You are right that two years of silence is a long time. Grigor should be used to his school environment by now and maybe something is really bothering him. Having him to see the school counselor is an excellent idea.
  Posted on: June 18, 2014 12:56 am

Hannah Nabors
Hannah Nabors
Reps: 68
I share your concern for Grigor's silence. While all children develop at different rates, at some point we need to address delays with additional services. I think you have a great idea in referring Grigor to the Counselor. However, you need to be cognizant of Grigor's relationships with that individual. The goal would be to find someone Grigor is comfortable speaking with and opening up to.
  Posted on: June 18, 2014 3:42 am

Cardia Foster
Cardia Foster
Reps: 73
Getting the counselor involved is a great idea. Two years is a long time, but I wouldn't rush the student. When he is comfortable he will come out of his shell. It's the teachers job to make sure that the classroom environment is positive.
  Posted on: June 18, 2014 7:01 pm

Jordan Nelms
Jordan Nelms
Reps: 104
I agree that two years seems like long enough to get over the "silent period" or "culture shock". I too would suggest getting the counselor involved if it didn't get better soon.
  Posted on: November 16, 2014 8:45 pm

Jonathan Buys
Jonathan Buys
Reps: 42
I agree that two years does seem abnormally long. i would still try to reach out to him myself in addition to a referral to a counselor. I think doing this in an isolated setting would be better. there are also multiple ways to try and get him to express himself. You could give him assignments that require him to illustrate his feelings on a topic to get more insight into his state of mind.
  Posted on: November 16, 2014 11:09 pm

RuXuqe
RuXuqe
Reps: 67
I agree that all children develop at their own rate and that 2 years seems like a long time. It is time to try to get some outside help for the student.
  Posted on: June 14, 2015 3:41 pm

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Solution 16
Posted December 2, 2012 8:17 pm

Sha'keela McClendon
Sha'keela McClendon
Reps: 141
Maybe he's just not comfortable around you and his classmates. You should think about doing lessons in class so he can express his feelings towards his school life. Invite him to talk to you, ask questions and get to know him better. If the students see you talking to him, then maybe they'll start talking to him. As a teacher, you have to try to connect with him and get him to open up to you so you can help him succeed in school.
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Emily West
Emily West
Reps: 102
I agree, it is very important for the teacher to try and connect with the student. Put an effort towards interacting with the student and when the other students see you doing this they will most likely do the same. It may take time, but by slowly communicating and interacting more and more with the student he will become more comfortable and in the classroom.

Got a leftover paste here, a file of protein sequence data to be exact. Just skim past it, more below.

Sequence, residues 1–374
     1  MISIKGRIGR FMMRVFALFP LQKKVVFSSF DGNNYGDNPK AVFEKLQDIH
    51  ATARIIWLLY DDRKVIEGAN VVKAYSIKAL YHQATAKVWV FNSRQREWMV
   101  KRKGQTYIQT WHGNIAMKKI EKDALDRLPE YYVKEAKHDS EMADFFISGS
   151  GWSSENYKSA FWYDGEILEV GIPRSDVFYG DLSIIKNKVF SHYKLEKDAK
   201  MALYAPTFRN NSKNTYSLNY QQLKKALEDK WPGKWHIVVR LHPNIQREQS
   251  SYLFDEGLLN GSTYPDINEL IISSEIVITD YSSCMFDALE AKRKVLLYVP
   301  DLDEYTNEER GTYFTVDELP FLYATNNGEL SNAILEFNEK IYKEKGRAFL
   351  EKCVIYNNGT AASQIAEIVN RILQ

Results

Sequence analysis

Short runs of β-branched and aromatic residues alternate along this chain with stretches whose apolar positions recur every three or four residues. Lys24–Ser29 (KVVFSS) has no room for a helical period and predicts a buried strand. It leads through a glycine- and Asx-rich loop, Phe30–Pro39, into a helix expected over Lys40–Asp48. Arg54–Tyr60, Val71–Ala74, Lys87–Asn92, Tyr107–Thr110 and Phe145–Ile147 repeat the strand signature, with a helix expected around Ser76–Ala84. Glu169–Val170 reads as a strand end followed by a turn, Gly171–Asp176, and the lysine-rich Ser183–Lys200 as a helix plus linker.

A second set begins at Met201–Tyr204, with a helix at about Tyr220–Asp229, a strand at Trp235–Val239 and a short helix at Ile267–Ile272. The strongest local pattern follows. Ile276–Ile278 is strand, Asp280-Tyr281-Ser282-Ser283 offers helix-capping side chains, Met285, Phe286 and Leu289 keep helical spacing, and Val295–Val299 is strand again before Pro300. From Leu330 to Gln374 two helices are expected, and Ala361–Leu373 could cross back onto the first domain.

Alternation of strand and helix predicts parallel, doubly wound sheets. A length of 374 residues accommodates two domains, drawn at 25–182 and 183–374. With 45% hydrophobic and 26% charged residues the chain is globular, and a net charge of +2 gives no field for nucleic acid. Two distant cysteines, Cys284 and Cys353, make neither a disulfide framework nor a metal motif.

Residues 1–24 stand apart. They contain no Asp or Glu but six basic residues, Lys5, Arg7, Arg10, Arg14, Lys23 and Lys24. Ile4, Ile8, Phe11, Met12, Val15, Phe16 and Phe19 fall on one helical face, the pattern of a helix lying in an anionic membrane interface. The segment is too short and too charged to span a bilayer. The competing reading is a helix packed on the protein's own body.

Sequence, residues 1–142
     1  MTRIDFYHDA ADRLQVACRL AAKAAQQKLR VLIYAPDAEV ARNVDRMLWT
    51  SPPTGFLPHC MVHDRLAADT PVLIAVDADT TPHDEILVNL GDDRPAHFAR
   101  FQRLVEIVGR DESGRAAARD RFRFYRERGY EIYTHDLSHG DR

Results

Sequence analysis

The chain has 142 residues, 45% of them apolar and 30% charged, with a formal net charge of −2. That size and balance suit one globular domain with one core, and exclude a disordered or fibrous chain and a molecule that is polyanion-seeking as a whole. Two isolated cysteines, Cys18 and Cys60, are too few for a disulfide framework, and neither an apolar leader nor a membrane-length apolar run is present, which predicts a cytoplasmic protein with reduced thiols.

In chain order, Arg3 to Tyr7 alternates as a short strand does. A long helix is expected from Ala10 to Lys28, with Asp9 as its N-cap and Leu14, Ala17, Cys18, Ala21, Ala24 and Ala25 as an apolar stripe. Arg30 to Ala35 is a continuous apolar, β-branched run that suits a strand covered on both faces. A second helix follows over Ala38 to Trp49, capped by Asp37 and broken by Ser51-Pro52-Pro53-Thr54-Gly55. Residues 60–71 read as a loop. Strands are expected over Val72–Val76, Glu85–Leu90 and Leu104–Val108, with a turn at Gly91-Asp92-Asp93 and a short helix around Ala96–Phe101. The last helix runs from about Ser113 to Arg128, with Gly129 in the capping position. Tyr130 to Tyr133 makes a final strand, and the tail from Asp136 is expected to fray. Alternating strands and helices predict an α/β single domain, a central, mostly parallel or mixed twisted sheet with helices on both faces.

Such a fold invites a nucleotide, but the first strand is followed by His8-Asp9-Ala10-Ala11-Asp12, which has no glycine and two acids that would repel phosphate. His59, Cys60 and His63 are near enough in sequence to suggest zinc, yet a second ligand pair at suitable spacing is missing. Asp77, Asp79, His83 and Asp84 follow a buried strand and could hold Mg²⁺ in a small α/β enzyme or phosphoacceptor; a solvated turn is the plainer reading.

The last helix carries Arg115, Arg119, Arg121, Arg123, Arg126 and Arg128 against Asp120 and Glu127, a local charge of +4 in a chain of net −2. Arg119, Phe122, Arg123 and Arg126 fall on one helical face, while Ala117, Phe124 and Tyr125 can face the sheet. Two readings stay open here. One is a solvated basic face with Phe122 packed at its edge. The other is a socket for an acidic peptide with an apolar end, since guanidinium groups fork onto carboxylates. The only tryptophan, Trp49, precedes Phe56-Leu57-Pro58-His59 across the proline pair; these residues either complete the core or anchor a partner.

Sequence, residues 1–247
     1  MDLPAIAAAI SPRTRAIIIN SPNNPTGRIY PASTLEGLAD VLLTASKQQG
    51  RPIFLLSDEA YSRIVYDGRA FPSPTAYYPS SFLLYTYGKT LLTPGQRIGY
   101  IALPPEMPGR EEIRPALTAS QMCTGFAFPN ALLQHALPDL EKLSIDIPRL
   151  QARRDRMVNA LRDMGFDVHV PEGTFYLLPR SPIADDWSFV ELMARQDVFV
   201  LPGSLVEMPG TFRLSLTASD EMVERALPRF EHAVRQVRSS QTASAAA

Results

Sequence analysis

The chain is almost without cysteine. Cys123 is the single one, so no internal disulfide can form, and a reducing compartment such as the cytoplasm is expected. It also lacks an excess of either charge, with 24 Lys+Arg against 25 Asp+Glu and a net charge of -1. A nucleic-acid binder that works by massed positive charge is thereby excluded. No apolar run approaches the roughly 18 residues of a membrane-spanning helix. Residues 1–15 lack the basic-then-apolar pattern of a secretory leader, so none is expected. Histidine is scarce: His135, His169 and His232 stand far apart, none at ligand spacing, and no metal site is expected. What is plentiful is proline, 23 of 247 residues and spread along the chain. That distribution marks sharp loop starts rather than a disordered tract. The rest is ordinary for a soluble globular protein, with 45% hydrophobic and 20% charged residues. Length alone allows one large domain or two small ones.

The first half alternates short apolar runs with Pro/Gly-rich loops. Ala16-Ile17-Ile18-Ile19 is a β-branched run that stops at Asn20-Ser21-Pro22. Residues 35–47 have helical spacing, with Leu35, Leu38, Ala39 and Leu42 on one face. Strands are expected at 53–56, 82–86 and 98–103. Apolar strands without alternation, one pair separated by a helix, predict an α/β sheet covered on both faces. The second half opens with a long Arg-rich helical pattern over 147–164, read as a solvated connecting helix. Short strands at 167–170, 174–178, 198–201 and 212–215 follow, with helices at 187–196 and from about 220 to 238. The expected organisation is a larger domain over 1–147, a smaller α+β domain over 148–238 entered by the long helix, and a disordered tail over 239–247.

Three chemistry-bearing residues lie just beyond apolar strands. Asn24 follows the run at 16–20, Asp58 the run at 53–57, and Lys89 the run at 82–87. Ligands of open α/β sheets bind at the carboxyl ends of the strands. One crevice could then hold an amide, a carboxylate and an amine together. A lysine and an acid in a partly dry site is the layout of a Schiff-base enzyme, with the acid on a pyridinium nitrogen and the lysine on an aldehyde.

Posted on: November 17, 2013 3:19 pm

Edward Kim
Edward Kim
Reps: 106
I agree with you. Just by you as the teacher talking to him on a regular basis, this will help him develop some communication skills. Hopefully he can use these skills with other students his age but it is important to develop Grigor's confidence first before asking him or expecting him to do it with others.
  Posted on: November 8, 2015 7:22 pm

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Solution 17
Posted December 7, 2012 5:39 pm

Laine Vilardi
Laine Vilardi
Reps: 119
I would meet with the parents and the student, or try to stand back and watch their interaction. It seems like something might have happened to where his doesn't want to talk at school. Maybe the parents can ask him why he doesn't like to talk at school. Have his parents also ask if he speaks in public, ie. the grocery store, mall, restaurants, etc. Does he speak to anyone at all in the school? What does he do during Recess, or going through the lunch line? Seems like maybe you should start to try to build his trust, maybe through writing first. He can have a communication notebook where he can "speak" to you and you can "speak" back. This would not replace you actually talking to him in class either. But since he can write in English well enough, maybe he will feel more comfortable transitioning using this notebook. Hopefully through that, you can build trust with him to where he will start to speak you. Also, be sure that the other students are sensitive to the fact that he is still in the silent period. Each child is different and goes through that silent period at their own pace.
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Tracy C
Tracy C
Reps: 104
I definitely agree with you in that trust needs to be build between the teacher and the student. If we can win the trust of our students and provide them with a sense of belonging in the classroom, they will want to come to school and give their best toward being successful.
  Posted on: November 17, 2013 6:38 pm

LaChristen Boyd
LaChristen Boyd
Reps: 68
I agree. Once he trusts you and feels comfortable with around you, slowly he may open up in school in your class.
  Posted on: June 16, 2014 6:06 pm

Ashley Mays
Ashley Mays
Reps: 64
I agree, I think it is important to involve the parents in this situation because they may be able to provide some insight into the situation with Grigor. I think their willingness to talk with their child and provide you with strategies would be helpful all around. Also, I think the parents would feel better about the situation knowing that the teacher is truly concerned for their child and wants him to feel included at school.